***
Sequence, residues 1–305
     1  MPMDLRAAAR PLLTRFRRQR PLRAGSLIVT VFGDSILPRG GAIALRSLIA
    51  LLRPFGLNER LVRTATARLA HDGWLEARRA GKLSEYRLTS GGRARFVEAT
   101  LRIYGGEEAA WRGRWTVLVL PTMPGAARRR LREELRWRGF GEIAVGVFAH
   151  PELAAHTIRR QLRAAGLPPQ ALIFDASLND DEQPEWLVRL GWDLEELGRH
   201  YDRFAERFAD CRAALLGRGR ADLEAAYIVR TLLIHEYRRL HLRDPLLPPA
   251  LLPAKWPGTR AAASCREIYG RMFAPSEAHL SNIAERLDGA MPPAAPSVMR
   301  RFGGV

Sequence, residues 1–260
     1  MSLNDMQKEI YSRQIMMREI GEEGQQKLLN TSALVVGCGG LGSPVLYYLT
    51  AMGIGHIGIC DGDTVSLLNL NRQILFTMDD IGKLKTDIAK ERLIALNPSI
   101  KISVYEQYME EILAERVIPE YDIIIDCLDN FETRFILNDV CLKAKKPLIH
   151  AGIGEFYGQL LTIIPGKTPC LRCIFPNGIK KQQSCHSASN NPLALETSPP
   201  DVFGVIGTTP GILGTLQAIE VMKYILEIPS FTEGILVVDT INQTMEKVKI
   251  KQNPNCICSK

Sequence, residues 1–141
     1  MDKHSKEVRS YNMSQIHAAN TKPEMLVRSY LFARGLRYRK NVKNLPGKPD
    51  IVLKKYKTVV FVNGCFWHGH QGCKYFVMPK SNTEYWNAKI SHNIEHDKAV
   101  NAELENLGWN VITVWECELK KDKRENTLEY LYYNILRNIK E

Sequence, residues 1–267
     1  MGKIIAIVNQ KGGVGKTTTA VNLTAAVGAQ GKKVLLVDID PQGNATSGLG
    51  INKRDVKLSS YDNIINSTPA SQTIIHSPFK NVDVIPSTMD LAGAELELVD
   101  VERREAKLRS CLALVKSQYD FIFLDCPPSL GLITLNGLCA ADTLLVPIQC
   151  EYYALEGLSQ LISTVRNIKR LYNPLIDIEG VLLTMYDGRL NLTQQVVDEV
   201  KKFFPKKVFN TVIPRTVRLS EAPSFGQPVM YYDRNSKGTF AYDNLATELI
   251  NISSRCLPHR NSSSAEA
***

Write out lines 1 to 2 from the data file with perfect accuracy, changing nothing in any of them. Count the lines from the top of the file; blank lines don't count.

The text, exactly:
Sequence, residues 1–305
     1  MPMDLRAAAR PLLTRFRRQR PLRAGSLIVT VFGDSILPRG GAIALRSLIA